Asharq Al-awsat English https://aawsat.com/english Middle-east and International News and Opinion from Asharq Al-awsat Newspaper http://feedly.com/icon.svg

Khartoum Announces Deal on Filling Renaissance Dam in 7 Years

Khartoum Announces Deal on Filling Renaissance Dam in 7 Years

Monday, 18 November, 2019 - 06:30
The Grand Renaissance Dam hydroelectric project in Ethiopia. (AFP)
Khartoum - Cairo - Asharq Al-Awsat

Sudanese Irrigation Minister Yasser Abbas said on Sunday that Egypt, Ethiopia, and Sudan have agreed on filling the Grand Ethiopian Renaissance Dam’s (GERD) reservoir “over a period of up to seven years.”


The Sudanese official said the two-day talks held on November 15 in Addis Ababa between the three states and in the presence of representatives from the US and the World Bank, made progress on some disputed issues.


He said a breakthrough in the talks was reached over the hydroelectric dam, which has generated much tension between Egypt and Ethiopia over the past few years.


Ethiopia insists the $4 billion hydro-electric barrage is essential for its economic growth given that most of its population still lives without electricity.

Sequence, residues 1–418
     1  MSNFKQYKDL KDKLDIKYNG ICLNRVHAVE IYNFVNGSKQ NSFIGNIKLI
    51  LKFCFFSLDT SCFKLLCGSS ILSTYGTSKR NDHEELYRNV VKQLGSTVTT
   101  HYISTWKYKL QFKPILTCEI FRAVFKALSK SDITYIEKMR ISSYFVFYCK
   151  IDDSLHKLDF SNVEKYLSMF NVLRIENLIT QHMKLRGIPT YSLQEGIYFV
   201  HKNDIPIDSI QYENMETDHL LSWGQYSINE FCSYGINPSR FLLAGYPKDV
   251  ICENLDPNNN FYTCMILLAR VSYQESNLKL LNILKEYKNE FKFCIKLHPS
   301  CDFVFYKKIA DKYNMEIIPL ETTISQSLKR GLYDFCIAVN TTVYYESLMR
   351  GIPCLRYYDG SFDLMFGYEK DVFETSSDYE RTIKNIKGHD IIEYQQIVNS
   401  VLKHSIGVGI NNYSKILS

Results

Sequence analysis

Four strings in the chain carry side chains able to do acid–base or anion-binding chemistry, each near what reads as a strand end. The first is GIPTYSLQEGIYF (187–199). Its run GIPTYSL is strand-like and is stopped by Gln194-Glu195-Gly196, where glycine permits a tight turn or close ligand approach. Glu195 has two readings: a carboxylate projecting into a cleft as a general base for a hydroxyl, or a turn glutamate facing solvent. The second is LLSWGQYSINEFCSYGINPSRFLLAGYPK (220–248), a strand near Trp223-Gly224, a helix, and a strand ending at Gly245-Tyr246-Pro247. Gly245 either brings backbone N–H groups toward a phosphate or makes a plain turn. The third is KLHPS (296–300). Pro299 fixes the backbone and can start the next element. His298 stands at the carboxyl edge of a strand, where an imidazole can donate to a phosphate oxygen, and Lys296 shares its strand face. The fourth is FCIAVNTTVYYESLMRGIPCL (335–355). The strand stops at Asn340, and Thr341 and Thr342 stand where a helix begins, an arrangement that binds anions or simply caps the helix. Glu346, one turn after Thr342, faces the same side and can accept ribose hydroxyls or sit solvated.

Abbas said last week’s negotiations also tackled the “permanent operations of the dam and its effect on the dam systems in Egypt and Sudan.”


While the spokesperson of the Egyptian Ministry of Water Resources and Irrigation Mohammed al-Sibai refused to confirm or deny the Sudanese minister’s comments, he told Asharq Al-Awsat that the Addis Ababa talks discussed filling the dam’s reservoir in stages and based on the hydraulic system of the Blue Nile River.


He said that such technique would help prevent any harm to downstream countries.


Representatives from Egypt, Ethiopia and Sudan are set to meet on December 2-3 in Cairo to continue technical talks over outstanding matters.


On Saturday, Ethiopian Ambassador to Egypt Dina Mufti told Asharq Al-Awsat that any misunderstanding between Egypt and Ethiopia should be solved peacefully.


Egypt states that all Nile Valley countries have a right to economic development. However, Cairo insists that this policy should not affect “its interests and rights in the Nile,” particularly that Egypt relies on the river to cover more than 90 percent of its irrigation and drinking water needs.


Meanwhile, the president of the Arab Parliament Mishaal bin Fahm Al-Salami said Sunday he had sent a written message to the Ethiopian prime minister and the head of the Ethiopian House of Peoples’ Representatives announcing the Arab Parliament’s solidarity with Egypt and Sudan in protecting their water security.


In a post on his official Twitter account, Salami stressed the importance of reaching a fair agreement on filling and operating the GERD as soon as possible, and in a way that protects the interests of all parties.


Editor Picks

Multimedia